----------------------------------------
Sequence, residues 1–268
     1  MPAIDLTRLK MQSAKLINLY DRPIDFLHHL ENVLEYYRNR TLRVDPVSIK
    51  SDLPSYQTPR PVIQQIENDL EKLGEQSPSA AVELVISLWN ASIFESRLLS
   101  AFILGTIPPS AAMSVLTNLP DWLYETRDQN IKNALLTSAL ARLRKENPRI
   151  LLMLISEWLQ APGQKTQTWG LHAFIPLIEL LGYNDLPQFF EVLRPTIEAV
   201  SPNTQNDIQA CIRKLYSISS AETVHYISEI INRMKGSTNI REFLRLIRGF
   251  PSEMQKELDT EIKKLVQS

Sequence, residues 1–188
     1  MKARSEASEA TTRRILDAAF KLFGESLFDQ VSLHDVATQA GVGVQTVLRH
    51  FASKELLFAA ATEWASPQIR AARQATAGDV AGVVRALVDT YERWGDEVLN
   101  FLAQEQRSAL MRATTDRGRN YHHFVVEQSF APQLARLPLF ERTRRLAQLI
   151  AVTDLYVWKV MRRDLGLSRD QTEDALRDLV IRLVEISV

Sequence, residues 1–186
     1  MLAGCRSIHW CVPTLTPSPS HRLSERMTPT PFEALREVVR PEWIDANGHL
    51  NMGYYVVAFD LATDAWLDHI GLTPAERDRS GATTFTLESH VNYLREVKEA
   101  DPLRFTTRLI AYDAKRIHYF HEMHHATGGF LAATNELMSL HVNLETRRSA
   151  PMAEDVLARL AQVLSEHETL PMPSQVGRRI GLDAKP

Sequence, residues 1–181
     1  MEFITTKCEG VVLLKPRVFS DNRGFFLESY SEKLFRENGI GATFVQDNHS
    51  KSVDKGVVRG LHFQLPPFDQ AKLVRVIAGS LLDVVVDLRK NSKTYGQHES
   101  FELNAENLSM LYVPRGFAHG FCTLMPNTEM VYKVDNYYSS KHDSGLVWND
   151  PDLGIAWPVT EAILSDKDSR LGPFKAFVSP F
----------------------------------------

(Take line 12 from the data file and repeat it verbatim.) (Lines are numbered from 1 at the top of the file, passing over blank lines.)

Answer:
   151  AVTDLYVWKV MRRDLGLSRD QTEDALRDLV IRLVEISV